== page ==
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The Newest Buzz At Companies? 'Risk Management On Steroids'

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Something To Spark LTC

By Jim Connolly

New York

What do you get when you put “plain old risk management on steroids”?

Enterprise risk management, quipped James Kallman, president of Kallman Consulting Services, Lakeway, Texas, who then proceeded to explain how the new approach, which takes a more holistic approach to managing risk, is a cutting-edge way for insurers to manage risks effectively. Risk management includes operational, financial and strategic risks, he said.

Kallman and a panel of insurance experts discussed the new approach during KPMG LLPs 16th annual insurance industry conference here.

Effective risk management programs were discussed against a backdrop of concern during the conference over Section 404 requirements for the Sarbanes-Oxley Act of 2002. That section requires management to attest to the soundness of a companys internal financial reporting program. In fact, in an instant poll taken of 125 respondents at the KPMG conference, an overwhelming 83.2% said the Sarbanes-Oxley Act of 2002 would be the piece of legislation to most impact the industry, a dramatic increase over last years 58% response.

The compliance checks being put in place to comply with SOX will complement the work being done to ensure effective enterprise risk management, said Don Watson, vice president of enterprise risk management with ACE, Hamilton, Bermuda.

Two good reasons to implement ERM, according to Watson, are the identification of risk and establishment of acceptable risk appetite.

For instance, Watson cited claims management and the potential risk that an adverse legal decision for a disputed claim could have on an insurer, both monetarily and, more importantly, to the companys reputation.

“We are selling our promise to pay,” he said. “The minute that is called into question, then it raises questions about the viability of a company.”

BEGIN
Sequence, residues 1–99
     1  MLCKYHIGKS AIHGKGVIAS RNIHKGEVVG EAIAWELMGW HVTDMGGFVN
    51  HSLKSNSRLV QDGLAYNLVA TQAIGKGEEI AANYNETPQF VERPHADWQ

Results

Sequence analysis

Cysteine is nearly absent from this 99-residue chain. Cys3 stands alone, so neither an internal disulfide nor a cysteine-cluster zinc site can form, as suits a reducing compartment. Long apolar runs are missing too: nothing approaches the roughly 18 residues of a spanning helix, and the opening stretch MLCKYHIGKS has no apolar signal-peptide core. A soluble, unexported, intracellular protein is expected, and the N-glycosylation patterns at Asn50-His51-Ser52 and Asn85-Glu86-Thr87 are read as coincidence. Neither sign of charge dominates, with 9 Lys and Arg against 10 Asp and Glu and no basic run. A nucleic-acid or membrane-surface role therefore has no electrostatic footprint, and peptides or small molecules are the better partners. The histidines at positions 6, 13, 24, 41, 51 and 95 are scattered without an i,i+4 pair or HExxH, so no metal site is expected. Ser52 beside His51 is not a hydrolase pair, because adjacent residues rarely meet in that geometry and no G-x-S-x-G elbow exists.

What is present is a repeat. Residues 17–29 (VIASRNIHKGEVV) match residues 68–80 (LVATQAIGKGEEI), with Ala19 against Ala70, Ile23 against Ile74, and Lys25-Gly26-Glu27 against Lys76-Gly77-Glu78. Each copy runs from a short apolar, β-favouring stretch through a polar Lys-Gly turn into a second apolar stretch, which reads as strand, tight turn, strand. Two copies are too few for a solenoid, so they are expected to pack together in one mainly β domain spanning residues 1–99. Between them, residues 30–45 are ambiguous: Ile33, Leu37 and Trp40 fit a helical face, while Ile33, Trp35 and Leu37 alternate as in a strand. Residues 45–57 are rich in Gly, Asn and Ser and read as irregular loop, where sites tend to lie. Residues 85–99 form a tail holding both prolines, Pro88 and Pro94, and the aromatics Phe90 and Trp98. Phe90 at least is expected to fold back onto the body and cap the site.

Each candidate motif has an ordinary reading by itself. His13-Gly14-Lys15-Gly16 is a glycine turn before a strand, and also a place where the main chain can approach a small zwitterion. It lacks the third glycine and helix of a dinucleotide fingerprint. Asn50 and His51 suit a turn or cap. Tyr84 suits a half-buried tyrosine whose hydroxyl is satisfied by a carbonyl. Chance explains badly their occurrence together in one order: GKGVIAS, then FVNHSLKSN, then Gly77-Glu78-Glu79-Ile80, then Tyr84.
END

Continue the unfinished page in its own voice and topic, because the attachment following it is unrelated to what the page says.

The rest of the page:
Rating agencies, Watson said, are paying attention to ERM because it is a “holistic, comprehensive way of assessing risk.” This involves thinking about risk in a deeper way, he said. For instance, if a company is asked why it includes real estate in its investment portfolio, a general response might focus on opportunities in that market. However, a more useful answer, Watson said, would address why the company could accept that level of risk and how that risk relates to a range of investment risks.

Gideon Pell, a senior vice president and chief risk officer with New York Life Insurance Company, said rating agencies are taking more of an interest in ERM. There is a growing focus on new risk management techniques such as stochastic testing rather than more formulaic approaches, he added. Stochastic testing relies on a series of scenarios rather than formulas.

ERM is becoming more important because risks are growing more complex, Pell continued. For instance, he said New York Life is operating in Asia and Central and South America and that globalization changes the risk components it manages, which adds another type of risk to traditional ones such as interest rate and equity risks.

When considering risk, an ERM approach looks at a portfolio of risks rather than individual ones, he said. ERM assists companies in understanding the dependencies among these individual risks in order to manage risk in the aggregate, he added.

And, in order for it to be successful, management has to make clear that it is a priority as New York Life has done, Pell added.

Robert Semke, a vice president with MetLife, said efforts to better assess risk involve both understanding the broad exposure of a company and developing a system to report and track risk. But developing such an ERM system takes a dedication of resources, he added. For example, Semke said that in 2003, MetLife spent 60,000 person hours in implementing SOX compliance. This year, 100,000 person hours have been budgeted, he continued.

Julie Burke, a managing director with Fitch Ratings, Chicago, said the concept takes a top-down approach of looking at how all risks affect a company rather than the individual risks of various businesses of an insurer. ERM looks at how risks act together, she added. Banks have been more active in adopting this practice than insurance companies, Burke noted.

ERM is a factor that is examined and is becoming a bigger part of the process, said Mark Puccia, managing director of the insurance group of Standard & Poors Corp., New York. The approach moves from a more static approach to a more dynamic way of measuring risks, he said.

The practical implication for companies that deploy an effective ERM program, Puccia said, is that S&P could view them as not needing as much capital when their ratings are being reviewed.

Puccia said he is seeing a real commitment and investment by company management in ERM. Two years ago, if you asked management about ERM, it would have said it is a great idea that is ahead of its time, he said. But two years from now, if you ask the same question, companies will have their own models, he added.

Currently, Puccia said, companies have components of an ERM program, but in most cases, full programs are not in place. Once they are, it is important to make sure the modeling has consistency and validity.

Reproduced from National Underwriter Edition, October 14, 2004. Copyright 2004 by The National Underwriter Company in the serial publication. All rights reserved.Copyright in this article as an independent work may be held by the author.


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